Photoshop falling snow effect tutorial

How to Add Falling Snow to Your Photos with Photoshop

Learn how to add falling snow to your winter photos with this easy Photoshop snow effect! A step-by-step tutorial, now updated for Photoshop 2021.

Written by Steve Patterson.

Winter is my favorite time of year. But winter photography can be a challenge, and not just because the cold plays havoc on your camera batteries (and your ears). Nothing adds to the beauty of a winter scene quite like falling snow. But what do you do if it wasn't snowing? In this tutorial, I show you step-by-step how to add realistic falling snow to your photos with Photoshop!

I'm using Photoshop CC 2021 but any recent version should work. For older versions of Photoshop, check out my original snow effect tutorial.

Here's an example of what the falling snow effect will look like when we're done:

A falling snow effect created in Adobe Photoshop
The final result.

Let's get started!

Download this tutorial as a print-ready PDF!

The document setup

You can follow along with me by opening any winter image into Photoshop. I'll use this image from Adobe Stock:

The original photo. Credit: Adobe Stock
The original photo.

In the Layers panel, the photo appears on the Background layer, currently the only layer in the document:

Photoshop's Layers panel showing the image on the Background layer
Photoshop's Layers panel.

Related: Learn how to get your images into Photoshop

Step 1: Add a new blank layer above the image

To avoid making permanent changes to the original photo, we'll create the snow effect on a separate layer.

Click the Add New Layer icon at the bottom of the Layers panel:

Clicking the Add New Layer icon in Photoshop's Layers panel.
Clicking the Add New Layer icon.

A new blank layer named Layer 1 appears above the Background layer:

Naming the layer in the New Layer dialog box.
The new layer is added.

Double-click on the name Layer 1 and rename it Snow. Then press Enter (Win) / Return (Mac) on your keyboard to accept it:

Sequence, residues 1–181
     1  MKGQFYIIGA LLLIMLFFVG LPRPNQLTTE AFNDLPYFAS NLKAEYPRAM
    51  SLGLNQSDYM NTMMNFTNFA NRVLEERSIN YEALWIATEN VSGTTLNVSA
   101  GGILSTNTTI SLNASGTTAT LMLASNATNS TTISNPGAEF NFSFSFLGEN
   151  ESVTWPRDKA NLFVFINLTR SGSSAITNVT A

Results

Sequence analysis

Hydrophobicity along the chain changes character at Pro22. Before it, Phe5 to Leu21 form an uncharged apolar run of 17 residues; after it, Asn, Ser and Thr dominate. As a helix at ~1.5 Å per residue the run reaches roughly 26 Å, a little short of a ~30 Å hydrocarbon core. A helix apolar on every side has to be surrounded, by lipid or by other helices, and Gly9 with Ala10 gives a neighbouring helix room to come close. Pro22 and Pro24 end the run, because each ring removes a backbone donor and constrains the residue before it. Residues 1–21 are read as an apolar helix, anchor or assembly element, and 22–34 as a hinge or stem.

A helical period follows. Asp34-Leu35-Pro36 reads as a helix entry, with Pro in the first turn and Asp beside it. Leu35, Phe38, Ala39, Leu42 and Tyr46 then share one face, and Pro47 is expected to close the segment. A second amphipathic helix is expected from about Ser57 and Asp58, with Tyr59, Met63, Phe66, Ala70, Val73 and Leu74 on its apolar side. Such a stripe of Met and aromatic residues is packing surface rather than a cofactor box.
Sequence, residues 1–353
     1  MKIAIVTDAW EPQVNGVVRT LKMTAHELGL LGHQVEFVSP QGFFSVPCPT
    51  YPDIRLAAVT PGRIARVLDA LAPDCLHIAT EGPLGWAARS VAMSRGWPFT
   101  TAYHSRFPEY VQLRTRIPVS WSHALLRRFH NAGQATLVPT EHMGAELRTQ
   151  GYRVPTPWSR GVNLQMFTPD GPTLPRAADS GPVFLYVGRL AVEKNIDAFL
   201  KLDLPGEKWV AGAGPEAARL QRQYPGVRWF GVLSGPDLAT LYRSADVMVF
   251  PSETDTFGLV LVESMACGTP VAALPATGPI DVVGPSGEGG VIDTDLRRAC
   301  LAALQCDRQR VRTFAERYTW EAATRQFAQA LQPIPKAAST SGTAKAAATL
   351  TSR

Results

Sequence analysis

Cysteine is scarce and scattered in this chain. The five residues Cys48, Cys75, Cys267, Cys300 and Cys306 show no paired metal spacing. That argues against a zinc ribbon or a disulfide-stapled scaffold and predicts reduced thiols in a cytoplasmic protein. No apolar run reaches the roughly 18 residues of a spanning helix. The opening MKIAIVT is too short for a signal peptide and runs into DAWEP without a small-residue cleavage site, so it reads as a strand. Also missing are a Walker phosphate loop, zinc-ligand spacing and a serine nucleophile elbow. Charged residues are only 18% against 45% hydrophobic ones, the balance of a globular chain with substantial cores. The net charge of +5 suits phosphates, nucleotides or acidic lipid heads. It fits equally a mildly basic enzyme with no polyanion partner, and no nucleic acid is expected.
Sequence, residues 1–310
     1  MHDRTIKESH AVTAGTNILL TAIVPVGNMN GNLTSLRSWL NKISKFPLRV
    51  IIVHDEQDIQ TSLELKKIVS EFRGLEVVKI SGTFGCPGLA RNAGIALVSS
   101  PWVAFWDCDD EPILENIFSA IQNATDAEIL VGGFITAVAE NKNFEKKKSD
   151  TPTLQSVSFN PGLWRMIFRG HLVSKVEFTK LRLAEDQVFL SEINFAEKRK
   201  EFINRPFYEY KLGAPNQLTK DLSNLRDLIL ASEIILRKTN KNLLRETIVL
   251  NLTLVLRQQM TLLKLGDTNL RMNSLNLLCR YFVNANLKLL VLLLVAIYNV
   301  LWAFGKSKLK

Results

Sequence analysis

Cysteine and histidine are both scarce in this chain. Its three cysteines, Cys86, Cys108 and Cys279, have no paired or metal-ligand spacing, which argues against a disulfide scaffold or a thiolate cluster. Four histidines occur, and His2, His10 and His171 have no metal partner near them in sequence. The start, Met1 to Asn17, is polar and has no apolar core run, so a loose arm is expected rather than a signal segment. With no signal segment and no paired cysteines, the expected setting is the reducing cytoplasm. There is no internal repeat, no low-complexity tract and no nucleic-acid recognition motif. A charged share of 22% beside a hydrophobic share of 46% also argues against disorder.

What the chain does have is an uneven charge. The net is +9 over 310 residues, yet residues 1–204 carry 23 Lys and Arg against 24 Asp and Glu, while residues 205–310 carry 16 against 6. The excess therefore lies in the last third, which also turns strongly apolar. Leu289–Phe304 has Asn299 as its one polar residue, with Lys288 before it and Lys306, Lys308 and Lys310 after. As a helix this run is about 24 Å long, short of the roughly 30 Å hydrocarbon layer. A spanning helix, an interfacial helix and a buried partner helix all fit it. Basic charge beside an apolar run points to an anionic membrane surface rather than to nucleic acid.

The Layers panel showing the new Snow layer above the Background layer.
Renaming the layer Snow.

Step 2: Fill the new layer with black

Next, we need to fill the new layer with black.

Go up to the Edit menu in the Menu Bar along the top of the screen and choose Fill:

Selecting the Fill command from the Edit menu in Photoshop.
Going to Edit > Fill.

In the Fill dialog box, set the Contents to Black, and then click OK:

Setting the Contents to Black in Photoshop's Fill dialog box.
Setting the Contents to Black.

Photoshop fills the Snow layer with black. And because the Snow layer is sitting above the Background layer, it temporarily hides the image from view:

The black-filled Snow layer now hides the image
The document now filled with black.

Step 3: Apply the Add Noise filter

To create the falling snow, we'll start with Photoshop's Add Noise filter.

In the Layers panel, make sure the Snow layer is selected. Then go up to the Filter menu in the Menu Bar, choose Noise, and then choose Add Noise:

Selecting the Add Noise filter in Photoshop.
Going to Filter > Noise > Add Noise.

The Add Noise filter adds random dots, or noise, to the layer. We'll turn these dots into our snowflakes.

Set the Amount value to 25% and choose Gaussian. Limit the color of the noise to black and white by selecting Monochromatic at the bottom. Then click OK to close the dialog box:

Selecting the Add Noise filter in Photoshop.
The Add Noise filter options.

Photoshop fills the Snow layer with noise. The noise looks too faint but we'll brighten it up in a moment:

The image after filling the Snow layer with noise.
The Snow layer after filling it with noise.

Step 4: Increase the size of the noise

Along with being too faint, the dots are also too small. So we'll make them bigger using the Scale command.

Go up to the Edit menu in the Menu Bar, choose Transform, and then choose Scale:

Selecting the Scale command in Photoshop.
Going to Edit > Transform > Scale.

In the Options Bar, make sure the link icon between the Width (W) and Height (H) values is selected:

Clicking the link icon between the Width and Height options in the Options Bar.
Linking the Width and Height together.

Change either the Width or Height value to 400%. Photoshop sets the other to 400% to match:

Scaling the width and height of the noise by 400 percent.
Scaling the width and height by 400 percent.

Then click the checkmark to accept it:

Clicking the checkmark in the Options Bar.
Clicking the checkmark.

With the dots now much bigger, they're starting to look more like snow:

The noise is now larger after scaling the layer.
The noise after scaling it by 400 percent.

Step 5: Crop away the hidden areas of the Snow layer

The only problem with scaling the snow layer so much larger is that we've also made the document's file size larger. And depending on the size of your image, this could slow down Photoshop's performance as we continue through the steps.